to the protection and education of children ; and he strenuously condemned the half-time system as in every way prejudicial to the true interests of the children concerned. The chief and nearly the whole opposition to the measure came from the Lancashire members, headed by Mr. George Whiteley (Stockport), and supported by the agriculturalists, represented by Major Rasch (Essex, S.E.), who adduced the arguments of “the nimble finger," and the labourers' necessity, both of which were shown to be fallacious. Mr. Buxton (Poplar), for instance, doubted whether parents would really suffer by the loss of their half-time children's wages; for the work done by the half-timers would have to be done by others, and the parents would probably reap the benefit of the change in larger earnings for themselves. The vice-president of the council, Sir J. Gorst (Cambridge University), took up a very independent line, and detached his personal from his official opinions with his customary freedom. He said that there could be no doubt that, five or six hours of labour in a mill were not a good preparation for attendance at school, and all educational authorities were opposed to the half-time system. The adoption of this measure would result in an improvement in the education of the people, and the only question was whether those concerned would pay the price which would have to be paid for the change. The bill, however, would not really cause any serious disturbance of the existing state of things, for the children who annually left school between the ages of eleven and twelve were only 23,000 out of 600,000, while those who became half-timers between those ages did not exceed 50,000. It should be remembered that half-timers had all succeeded in passing some educational standard, and were therefore children who were likely to profit by further instruction. As far as children in towns were concerned, it appeared to him that the country was pledged to this legislation by its participation in the Berlin Conference. But the case of children in agricultural districts was quite distinct, and was not considered at the conference. To growing children light employment in the fields was beneficial, and an educational system which was good for towns was perhaps not equally good for the country. It was not impossible to reconcile the employment of children in the fields with proper progress in education, and he should like to see children in the country made to attend school until a comparatively advanced age, the schools being closed in summer when agricultural operations were being carried on.
Mr. Asquith (Fifeshire, E.) took an even stronger view, and had no misgivings as to his action being endorsed by his colleagues. He thought that even with the adoption of Mr. Robson's proposal the British standard would be ridiculously low compared with foreign countries, but he cordially welcomed any step in the direction of reform. When the division was taken it showed that the second reading was passed by 317 to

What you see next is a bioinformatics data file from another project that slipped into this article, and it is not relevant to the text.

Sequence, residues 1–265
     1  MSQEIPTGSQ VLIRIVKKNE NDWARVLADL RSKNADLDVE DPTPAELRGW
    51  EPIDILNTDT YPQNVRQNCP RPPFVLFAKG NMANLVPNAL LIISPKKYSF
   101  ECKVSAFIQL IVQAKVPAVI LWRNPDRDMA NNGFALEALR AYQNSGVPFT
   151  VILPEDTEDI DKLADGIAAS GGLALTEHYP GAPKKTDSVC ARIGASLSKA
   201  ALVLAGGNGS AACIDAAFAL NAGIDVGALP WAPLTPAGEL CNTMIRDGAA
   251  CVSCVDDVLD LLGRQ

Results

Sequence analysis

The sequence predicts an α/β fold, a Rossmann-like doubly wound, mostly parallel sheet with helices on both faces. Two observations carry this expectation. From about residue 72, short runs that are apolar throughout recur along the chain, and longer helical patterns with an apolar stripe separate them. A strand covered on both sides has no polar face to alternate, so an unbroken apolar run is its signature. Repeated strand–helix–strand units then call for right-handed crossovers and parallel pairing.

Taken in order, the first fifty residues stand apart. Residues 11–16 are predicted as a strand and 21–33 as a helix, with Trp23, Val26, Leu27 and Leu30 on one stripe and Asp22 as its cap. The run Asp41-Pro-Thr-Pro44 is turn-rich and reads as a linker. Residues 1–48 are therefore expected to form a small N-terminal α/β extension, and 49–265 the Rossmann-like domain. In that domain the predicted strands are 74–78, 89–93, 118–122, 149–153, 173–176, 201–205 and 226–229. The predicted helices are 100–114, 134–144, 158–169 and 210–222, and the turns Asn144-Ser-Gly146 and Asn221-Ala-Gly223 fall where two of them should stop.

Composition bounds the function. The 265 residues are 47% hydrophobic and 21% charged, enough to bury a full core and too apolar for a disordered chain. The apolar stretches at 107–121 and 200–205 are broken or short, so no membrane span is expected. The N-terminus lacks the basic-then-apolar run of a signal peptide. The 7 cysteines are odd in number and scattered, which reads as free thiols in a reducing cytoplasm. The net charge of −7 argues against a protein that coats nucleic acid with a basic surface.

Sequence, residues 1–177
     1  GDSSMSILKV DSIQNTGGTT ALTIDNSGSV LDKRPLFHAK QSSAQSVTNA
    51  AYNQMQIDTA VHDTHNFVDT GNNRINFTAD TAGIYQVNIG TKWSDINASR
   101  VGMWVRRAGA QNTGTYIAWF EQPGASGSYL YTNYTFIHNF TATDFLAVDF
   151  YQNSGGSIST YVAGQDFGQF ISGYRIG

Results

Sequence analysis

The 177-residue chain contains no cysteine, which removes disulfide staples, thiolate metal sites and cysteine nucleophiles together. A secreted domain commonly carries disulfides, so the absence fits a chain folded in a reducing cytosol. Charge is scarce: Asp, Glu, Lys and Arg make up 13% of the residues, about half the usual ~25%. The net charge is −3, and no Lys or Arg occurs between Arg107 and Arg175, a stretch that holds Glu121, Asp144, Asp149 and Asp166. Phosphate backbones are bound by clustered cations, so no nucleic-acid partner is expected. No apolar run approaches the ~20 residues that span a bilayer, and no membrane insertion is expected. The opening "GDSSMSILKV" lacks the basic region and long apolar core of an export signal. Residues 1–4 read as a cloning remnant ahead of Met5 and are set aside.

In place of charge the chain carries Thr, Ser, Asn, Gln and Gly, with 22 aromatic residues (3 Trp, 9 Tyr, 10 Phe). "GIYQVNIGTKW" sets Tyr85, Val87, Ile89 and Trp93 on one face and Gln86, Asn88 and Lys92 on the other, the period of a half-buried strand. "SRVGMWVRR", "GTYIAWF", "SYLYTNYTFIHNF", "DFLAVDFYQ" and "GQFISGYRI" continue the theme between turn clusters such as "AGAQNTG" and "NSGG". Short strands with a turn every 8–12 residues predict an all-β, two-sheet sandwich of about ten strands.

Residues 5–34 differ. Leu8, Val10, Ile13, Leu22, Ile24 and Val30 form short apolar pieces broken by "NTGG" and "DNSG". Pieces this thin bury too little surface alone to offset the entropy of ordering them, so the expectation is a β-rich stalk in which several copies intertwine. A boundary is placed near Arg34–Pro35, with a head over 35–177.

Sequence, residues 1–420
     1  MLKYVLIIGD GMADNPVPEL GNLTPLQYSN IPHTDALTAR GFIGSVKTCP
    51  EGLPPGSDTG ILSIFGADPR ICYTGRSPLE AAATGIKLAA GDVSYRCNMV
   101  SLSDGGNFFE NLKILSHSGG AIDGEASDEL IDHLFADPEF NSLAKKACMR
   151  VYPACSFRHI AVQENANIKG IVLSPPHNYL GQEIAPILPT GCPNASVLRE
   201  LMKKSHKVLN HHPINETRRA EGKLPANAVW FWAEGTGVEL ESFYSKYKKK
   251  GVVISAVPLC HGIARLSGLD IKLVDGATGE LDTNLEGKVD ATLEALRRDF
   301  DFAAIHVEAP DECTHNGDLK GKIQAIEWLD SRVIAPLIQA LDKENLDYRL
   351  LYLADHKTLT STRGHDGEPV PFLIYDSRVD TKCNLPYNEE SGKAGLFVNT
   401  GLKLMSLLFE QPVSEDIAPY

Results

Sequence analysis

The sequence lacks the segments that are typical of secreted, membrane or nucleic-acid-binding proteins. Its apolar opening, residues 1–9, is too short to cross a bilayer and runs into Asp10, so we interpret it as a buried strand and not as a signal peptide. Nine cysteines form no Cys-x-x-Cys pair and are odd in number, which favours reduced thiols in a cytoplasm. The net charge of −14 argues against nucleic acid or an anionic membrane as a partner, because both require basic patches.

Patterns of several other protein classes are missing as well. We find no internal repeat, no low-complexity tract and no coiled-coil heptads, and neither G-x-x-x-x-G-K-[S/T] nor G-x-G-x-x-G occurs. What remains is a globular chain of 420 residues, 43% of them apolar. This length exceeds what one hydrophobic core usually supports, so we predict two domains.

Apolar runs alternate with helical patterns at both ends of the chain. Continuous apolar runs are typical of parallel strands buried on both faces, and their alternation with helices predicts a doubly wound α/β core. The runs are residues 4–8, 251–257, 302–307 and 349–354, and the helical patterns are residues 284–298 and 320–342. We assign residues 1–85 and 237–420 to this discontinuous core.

Cons quite - Children onal systehe countikaren inte To growd an edually gooloyment na he sho
59 votes, but out of ten Cabinet ministers having seats in the House only one, Mr. Ritchie, voted for the bill. The others abstained presumably because they held it more important to conciliate the Lancashire members than to support a measure of humanity and practical foresight.
The wording of the paragraph in the Queen's Speech referring to the estimates, as well as the rumours which had been in circulation, had prepared the public mind for increased expenditure on both the Army and Navy. It was, moreover, understood that this year the land forces, or second line of defence, would be the chief object of the attention of the Government. The memorandum prepared by the Secretary of War, Lord Lansdowne, began by showing how the proposed increase to the Army, which had been begun in 1897-8, had been carried out. In that year the total regimental establishments (of all ranks, exclusive of India) was 147,398, and the Government then proposed to itself to increase this force by 25,083 of all ranks by March 31, 1901. The number reached in 1898-9 was 160,139, and it was now proposed to raise 167,632 for the year 1899-1900. The actual strength of the Army on January 1, 1897, was 145,737; on the same day, 1898, 148,677; and on January 1, 1899, 158,318. This large increase, however, had to be taken with some caution, the inflow from the Reserve to the Colours in 1898 having been much greater than usual. At the same time 40,729 recruits of all branches had been obtained in 1898, against 35,015 in 1897, and 28,532 in 1896, while the Reserve on January 1, 1899, stood at 78,798 men. At the same time 1,750 men of the Army Reserve had accepted ls, a day special Reserve pay with a liability to recall to the Colours in minor emergencies, and it was expected that 5,000 men would within a short time be similarly engaged.